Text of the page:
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    Because on a bike the vast majority of your stopping power in the front wheel. Go out on a slight down hill and stop your bike from 20mph using just the rear brake then do it again using just the front brake. The difference will be pretty evident. Your shortest stopping distance should be using them both. Additionally, cars use a portioning valve in their hydraulic systems that is designed to provide the appropriate force to each brake. They've used them on some motorcycle hydraulic systems but until recently they've provided marginal performance compared to separate systems.

    btw, I wouldn't be afraid of the front brake in icy conditions. The key is to not lock up the front brake. It takes a careful touch.
    It doesn't get harder, you just go slower.

  15. #15
    Senior Member rdtompki's Avatar
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    Cars have ABS. In the "old" days pre-ABS premature lockup of one end or the other (usually the rear) was commonplace. We've got electronic shifting, why not ABS, A/C, power steering and such?
    Rick T
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  16. #16
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    Quote Originally Posted by KeithSR View Post
    ...

    I"ll still keep the drum on, not so much for Ottawa riding, but for the Gatineau Hills, where Pink Lake and Camp Fortune have a pretty good grade to come down!
    Don't need drum brake for any hills in Gatineau Park. The longest descents (Fortune Lake, Black Lake, Pink Lake, Penguin) are only about 1.8KM long max. :-) If you don't want to go fast, just sit up and let air resistance slow you down. Don't hang on to the brakes for dear life all the way down as that heats up the rims too much when the descents are much longer like what you would find in Europe (or in any mountainous terrain).

  17. #17
    MiyataFan
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    A follow-up to my original question, if anyone is still reading this thread.

    I've connected the drum brake to a Shimano shift lever and it works fine. However, I used a derailleur cable simply because it fit the shifter and I had one handy.

    Would I be advised to drill out the lever a little so that it fits a brake cable end instead? I didn't think so because the drum is for a drag, not a hard stop, but thought I would ask the experts.

    Thanks.

  18. #18
    Senior Member WebsterBikeMan's Avatar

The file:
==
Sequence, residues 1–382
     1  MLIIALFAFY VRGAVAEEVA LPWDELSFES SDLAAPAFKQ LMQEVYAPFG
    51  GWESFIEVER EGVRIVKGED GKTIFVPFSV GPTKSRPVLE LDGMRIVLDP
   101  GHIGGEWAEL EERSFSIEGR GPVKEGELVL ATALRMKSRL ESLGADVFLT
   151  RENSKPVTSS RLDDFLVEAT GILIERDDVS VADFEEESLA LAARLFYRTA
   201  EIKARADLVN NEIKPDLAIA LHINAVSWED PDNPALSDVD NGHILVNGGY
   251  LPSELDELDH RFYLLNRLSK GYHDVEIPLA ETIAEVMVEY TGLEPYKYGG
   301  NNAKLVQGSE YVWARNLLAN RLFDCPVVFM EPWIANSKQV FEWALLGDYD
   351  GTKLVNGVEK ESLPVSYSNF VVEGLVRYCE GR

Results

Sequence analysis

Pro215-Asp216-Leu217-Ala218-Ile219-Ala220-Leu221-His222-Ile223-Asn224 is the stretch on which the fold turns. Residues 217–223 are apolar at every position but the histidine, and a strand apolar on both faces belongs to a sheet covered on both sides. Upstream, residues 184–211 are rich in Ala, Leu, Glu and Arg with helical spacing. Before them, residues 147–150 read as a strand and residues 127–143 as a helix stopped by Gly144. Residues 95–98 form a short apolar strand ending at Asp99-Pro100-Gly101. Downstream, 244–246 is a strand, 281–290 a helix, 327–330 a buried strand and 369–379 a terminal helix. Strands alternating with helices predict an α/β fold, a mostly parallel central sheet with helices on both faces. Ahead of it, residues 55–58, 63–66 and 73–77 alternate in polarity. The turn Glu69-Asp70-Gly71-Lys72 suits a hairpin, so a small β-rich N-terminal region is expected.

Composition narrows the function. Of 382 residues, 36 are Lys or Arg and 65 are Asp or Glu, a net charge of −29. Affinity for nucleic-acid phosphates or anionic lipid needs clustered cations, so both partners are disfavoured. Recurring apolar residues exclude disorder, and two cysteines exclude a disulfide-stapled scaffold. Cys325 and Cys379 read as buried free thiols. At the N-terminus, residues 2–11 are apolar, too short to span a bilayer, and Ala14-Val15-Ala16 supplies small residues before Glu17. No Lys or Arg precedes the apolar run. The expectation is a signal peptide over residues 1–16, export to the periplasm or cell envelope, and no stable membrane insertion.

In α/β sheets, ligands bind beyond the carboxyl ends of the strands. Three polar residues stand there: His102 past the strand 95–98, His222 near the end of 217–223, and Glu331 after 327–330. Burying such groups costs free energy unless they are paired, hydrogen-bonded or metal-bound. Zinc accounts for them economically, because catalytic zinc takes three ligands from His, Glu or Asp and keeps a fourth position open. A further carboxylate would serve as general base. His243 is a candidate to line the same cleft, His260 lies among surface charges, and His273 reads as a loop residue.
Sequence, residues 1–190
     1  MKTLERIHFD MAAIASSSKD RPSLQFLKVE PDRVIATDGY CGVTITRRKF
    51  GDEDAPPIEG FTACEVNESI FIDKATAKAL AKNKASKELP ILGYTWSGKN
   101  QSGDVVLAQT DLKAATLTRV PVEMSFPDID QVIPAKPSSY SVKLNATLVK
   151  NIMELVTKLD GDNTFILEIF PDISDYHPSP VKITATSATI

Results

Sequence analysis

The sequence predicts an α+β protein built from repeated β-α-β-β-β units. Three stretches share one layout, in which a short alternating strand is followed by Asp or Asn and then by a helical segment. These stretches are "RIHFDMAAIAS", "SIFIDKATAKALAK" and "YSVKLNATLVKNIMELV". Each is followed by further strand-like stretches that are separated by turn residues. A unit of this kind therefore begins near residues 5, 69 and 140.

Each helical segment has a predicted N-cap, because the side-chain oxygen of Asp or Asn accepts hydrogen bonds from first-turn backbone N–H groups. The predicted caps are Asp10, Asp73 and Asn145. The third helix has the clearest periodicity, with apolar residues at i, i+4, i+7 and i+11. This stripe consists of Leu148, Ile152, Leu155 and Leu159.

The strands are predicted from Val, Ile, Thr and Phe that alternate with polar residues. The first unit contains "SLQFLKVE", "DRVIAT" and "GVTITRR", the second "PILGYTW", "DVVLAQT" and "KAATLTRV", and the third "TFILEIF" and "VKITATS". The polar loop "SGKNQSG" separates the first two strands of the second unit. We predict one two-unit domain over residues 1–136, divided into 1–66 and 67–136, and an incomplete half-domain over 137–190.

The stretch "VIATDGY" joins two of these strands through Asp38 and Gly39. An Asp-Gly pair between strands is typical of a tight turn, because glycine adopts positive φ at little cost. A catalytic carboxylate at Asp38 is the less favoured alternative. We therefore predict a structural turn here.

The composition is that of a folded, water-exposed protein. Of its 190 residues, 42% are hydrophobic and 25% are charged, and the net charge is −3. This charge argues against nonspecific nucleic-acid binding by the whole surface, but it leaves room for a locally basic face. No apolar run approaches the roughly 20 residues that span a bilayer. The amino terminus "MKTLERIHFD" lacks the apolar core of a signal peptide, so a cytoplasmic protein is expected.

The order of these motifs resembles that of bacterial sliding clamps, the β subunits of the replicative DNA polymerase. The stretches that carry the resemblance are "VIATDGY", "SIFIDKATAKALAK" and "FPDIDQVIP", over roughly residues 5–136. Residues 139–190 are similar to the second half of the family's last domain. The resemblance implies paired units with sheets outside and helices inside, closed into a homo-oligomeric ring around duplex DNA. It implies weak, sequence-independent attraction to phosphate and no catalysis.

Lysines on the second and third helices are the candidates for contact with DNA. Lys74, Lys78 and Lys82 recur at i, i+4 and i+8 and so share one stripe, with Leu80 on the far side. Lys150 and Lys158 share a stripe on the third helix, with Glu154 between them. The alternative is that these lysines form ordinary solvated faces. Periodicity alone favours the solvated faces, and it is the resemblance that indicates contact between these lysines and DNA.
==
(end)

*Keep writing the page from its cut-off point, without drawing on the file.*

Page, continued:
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    Quote Originally Posted by KeithSR View Post
    A follow-up to my original question, if anyone is still reading this thread.

    I've connected the drum brake to a Shimano shift lever and it works fine. However, I used a derailleur cable simply because it fit the shifter and I had one handy.

    Would I be advised to drill out the lever a little so that it fits a brake cable end instead? I didn't think so because the drum is for a drag, not a hard stop, but thought I would ask the experts.

    Thanks.
    I'm using a shift cable, and it's worked so far. It's used a lot less frequently than the brake, and you don't have the long lever arm of a brake handle, so my thinking is it's got to be good enough. If it ever breaks, rather than braking, I can still brake with the regular brake. And then I'll think about whether I have to modify the control...

  19. #19
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    Quote Originally Posted by KeithSR View Post
    Would I be advised to drill out the lever a little so that it fits a brake cable end instead? I didn't think so because the drum is for a drag, not a hard stop, but thought I would ask the experts.

    Thanks.
    No need. Shift cables works fine because you are not applying that much force as a drag brake.

  20. #20
    Grumpy Airdog320's Avatar
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    I use an old Suntour Barcon to control the drum for drag. Works great as a parking brake also.

  21. #21
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    I have a ?

    I have a kuwahara tandem that I am thinking about selling to a coworker. Can you give me an idea what I could charg? Thanks , Matt

  22. #22
    Senior Member Retro Grouch's Avatar
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    Quote Originally Posted by Mattdobber View Post
    I have a kuwahara tandem that I am thinking about selling to a coworker. Can you give me an idea what I could charg? Thanks , Matt
    How much does he have?

  23. #23
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    About $900.00

    He may pay around 900

  24. #24
    Senior Member wheelspeed's Avatar
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    A Kuwahara tandem?! Cool!

    I used to race bmx in the early 80s and remember salivating over Kuwaharas. Thanks for the blast from the past and hope you enjoy the new toy.

  25. #25
    Senior Member
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    I bought mine for about $800 two years ago and updated it 6 months after.
    Last edited by Butcher; 08-21-10 at 11:23 PM.